In addition to bubbling or pumping in air, growers with deep water culture systems can inject liquid oxygen or incorporate a nanobubble oxygen generation system.
“The oxygen comes either from tanks of liquid oxygen or from an oxygen-generation system,” Mattson said. “Growers who choose these options would still need a pond distribution system. But instead of using a lot of pumping capacity to bubble in the air (about 21 percent oxygen), the air would be circulated with a pump.”
Seasonal variations in oxygen levels
Mattson said growers using deep water culture need to monitor the oxygen level with a dissolved oxygen meter. The oxygen level should be adjusted over time as the crop is growing.
“Factors that affect the oxygen level in the water include the absorption of oxygen by the plant roots,” he said. “How quickly the oxygen is depleted depends on how quickly the plants are growing and the water temperature.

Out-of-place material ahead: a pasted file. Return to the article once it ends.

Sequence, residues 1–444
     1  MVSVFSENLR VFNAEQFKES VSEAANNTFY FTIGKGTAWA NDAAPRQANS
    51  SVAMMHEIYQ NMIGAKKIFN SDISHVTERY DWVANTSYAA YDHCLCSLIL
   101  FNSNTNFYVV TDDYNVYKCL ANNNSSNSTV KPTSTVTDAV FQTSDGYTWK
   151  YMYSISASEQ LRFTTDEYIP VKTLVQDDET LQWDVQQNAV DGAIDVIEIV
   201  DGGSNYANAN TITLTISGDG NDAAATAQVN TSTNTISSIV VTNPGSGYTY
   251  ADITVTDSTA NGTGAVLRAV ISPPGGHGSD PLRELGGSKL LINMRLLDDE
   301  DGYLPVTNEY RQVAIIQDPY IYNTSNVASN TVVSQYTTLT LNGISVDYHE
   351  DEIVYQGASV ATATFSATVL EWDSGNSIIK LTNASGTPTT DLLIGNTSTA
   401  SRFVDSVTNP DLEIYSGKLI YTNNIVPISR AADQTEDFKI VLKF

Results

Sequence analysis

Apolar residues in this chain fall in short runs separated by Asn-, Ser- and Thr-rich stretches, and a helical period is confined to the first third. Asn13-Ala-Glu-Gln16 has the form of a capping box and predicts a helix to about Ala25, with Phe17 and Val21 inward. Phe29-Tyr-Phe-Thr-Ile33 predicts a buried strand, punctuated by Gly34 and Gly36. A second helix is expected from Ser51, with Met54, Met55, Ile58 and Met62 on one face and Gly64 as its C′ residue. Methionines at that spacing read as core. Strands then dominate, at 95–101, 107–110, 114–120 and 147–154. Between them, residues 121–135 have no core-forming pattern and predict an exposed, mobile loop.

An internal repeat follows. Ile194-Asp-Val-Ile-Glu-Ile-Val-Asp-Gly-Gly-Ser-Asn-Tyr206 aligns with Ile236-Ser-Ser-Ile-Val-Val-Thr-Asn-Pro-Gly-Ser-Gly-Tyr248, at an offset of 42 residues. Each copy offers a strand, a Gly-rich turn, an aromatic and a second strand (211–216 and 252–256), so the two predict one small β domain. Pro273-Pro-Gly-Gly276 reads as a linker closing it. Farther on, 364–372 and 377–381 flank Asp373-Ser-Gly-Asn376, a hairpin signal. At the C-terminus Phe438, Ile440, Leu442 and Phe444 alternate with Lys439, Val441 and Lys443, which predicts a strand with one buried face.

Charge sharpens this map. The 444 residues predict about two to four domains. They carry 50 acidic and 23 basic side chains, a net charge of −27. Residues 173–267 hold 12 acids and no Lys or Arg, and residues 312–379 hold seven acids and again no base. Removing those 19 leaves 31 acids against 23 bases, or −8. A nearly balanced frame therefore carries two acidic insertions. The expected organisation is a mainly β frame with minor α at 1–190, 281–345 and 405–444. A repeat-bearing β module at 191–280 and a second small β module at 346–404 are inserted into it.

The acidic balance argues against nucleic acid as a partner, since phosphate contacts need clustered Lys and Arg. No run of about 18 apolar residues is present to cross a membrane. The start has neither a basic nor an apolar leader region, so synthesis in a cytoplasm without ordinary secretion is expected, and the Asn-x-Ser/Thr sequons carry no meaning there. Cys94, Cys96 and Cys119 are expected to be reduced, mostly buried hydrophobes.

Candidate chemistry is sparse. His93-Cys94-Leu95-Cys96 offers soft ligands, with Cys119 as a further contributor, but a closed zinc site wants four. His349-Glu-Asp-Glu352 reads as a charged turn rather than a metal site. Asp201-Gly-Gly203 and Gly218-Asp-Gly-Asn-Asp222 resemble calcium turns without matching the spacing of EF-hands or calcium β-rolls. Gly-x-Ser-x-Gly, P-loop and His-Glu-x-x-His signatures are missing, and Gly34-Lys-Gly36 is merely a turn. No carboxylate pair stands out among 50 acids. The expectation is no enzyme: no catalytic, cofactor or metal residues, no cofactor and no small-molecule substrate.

“Other factors affecting the oxygen level include microbes and algae in the water that might be competing for the oxygen. There is also diffusion of some oxygen off the surface of the pond. It is a dynamic system and there is not a hard-and-fast rule for every square foot of pond water that a specific amount of oxygen has to be added.”
Growers usually have to pay closer attention to the oxygen level during the summer because warmer water temperatures hold less oxygen. During the winter if the air temperature is cooler, the pond water temperature is going to track that way as well unless a grower heats, cools or adjusts the pond water temperature.
“During the summer when the water temperature is warmer, because of its physical properties, water holds less dissolved oxygen,” Mattson said. “This is also the time of year when the plants are growing more quickly and the roots are respiring (consuming oxygen) more quickly.”